When Lenny Kravitz debuted at the tail end of the '80s, his colorful retro soul won him the title of Prince's heir apparent. He lacked that sort of reach, let alone grasp, but it turned out that his own genius lay in recycling old licks into new anthems that honored the big, dumb glory of rock.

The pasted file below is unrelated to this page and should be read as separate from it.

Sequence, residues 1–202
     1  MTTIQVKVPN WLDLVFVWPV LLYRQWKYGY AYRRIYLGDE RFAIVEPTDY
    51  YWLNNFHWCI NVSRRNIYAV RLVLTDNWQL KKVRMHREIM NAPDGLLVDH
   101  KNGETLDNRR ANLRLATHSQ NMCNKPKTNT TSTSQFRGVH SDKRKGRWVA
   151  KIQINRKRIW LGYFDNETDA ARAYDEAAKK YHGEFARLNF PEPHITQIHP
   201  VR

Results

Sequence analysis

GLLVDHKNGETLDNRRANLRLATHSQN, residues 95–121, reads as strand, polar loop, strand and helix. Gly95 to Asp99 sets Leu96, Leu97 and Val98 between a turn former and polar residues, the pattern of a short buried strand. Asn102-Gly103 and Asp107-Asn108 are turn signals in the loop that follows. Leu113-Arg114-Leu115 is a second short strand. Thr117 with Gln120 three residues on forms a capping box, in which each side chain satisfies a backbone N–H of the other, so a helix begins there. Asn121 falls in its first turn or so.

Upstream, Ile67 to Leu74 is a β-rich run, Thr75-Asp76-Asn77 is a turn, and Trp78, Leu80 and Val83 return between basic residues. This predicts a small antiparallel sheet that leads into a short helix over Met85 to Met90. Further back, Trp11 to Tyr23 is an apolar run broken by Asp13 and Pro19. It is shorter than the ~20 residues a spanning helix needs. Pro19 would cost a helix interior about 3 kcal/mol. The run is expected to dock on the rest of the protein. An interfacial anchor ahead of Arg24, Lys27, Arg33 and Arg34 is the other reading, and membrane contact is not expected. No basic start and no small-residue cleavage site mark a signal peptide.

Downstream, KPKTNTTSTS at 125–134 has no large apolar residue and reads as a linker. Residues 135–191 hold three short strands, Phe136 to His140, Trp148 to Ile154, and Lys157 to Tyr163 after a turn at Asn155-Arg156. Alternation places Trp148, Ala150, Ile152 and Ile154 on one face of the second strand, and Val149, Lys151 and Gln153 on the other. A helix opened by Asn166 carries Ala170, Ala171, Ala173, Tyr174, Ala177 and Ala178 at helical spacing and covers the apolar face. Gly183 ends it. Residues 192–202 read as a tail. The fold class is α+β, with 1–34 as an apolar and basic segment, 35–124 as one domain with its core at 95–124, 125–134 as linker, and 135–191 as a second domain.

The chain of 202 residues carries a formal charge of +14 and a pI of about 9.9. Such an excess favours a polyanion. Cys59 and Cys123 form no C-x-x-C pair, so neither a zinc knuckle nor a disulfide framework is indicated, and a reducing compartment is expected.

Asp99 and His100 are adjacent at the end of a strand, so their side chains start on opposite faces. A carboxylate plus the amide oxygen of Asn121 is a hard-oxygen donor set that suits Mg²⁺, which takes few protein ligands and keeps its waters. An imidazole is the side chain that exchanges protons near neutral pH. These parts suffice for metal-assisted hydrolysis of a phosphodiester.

So the fact that Kravitz begins his seventh album by declaring himself the "Minister of Rock 'n' Roll," in full scream and without a trace of irony, is a good sign, and it's confirmed by the remainder of the album, his best collection in a decade. He's a virtual one-man band again (like Prince, it's his most effective lineup), looting AOR playlists for a mashup of boogie riffs and Beatles-style majesty, while making Baptism sound as fresh and new as its title implies. Ironically, between the piledriving choruses and Bic-flicking balladry lies a newly intriguing introspection; the conflicted messages of "What Did I Do With My Life" and the query, "Could a wife and some children be better than being in a band?" make this a surprisingly searching set. But it isn't so much a baptism as an affirmation of faith, which Kravitz ultimately places in the power of classic rock. On this album, at least, that belief isn't misplaced.
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